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NHS Introduces New Test to Detect Retinoblastoma



A new procedure has been established at Birmingham Women’s and Children’s NHS Foundation Trust that will allow doctors to identify a rare form of eye cancer (retinoblastoma) in babies in the womb.


The procedure is done by taking a blood sample from the mother before birth and is then tested and analysed for mutations, which can establish with nearly 100% accuracy if the baby will develop retinoblastoma.


If babies are diagnosed with retinoblastoma, then treatment can start on the affected eye as soon as the baby is born, with doctors closely monitoring the other eye for any signs. The test can also predict if the disease might develop in their siblings and will be offered to families where there is a confirmed case of retinoblastoma in the family.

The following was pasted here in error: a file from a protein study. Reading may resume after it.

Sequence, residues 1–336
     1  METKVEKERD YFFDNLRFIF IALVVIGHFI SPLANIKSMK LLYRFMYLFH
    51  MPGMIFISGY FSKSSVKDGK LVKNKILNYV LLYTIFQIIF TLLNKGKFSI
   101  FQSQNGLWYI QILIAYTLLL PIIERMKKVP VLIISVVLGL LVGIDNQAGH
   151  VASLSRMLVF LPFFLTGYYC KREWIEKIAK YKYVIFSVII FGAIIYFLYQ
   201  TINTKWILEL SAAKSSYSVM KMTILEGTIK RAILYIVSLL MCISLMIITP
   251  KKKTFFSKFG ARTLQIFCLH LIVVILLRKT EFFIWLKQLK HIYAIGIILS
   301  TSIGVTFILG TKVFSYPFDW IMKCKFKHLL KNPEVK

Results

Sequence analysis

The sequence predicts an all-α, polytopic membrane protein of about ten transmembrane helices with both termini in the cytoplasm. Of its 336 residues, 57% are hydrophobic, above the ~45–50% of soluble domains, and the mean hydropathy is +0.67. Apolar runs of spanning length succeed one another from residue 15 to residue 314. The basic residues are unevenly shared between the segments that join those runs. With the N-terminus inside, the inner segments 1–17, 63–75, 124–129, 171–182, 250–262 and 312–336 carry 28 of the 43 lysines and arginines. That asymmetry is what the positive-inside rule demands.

Birmingham Women’s and Children’s Hospitals is also creating a non-invasive post-natal cancer test for retinoblastoma patients using eye fluid – which will help identify if a patient is at risk from other cancers later in life. It’s hoped that in the future this could be eventually done by a simple blood test.

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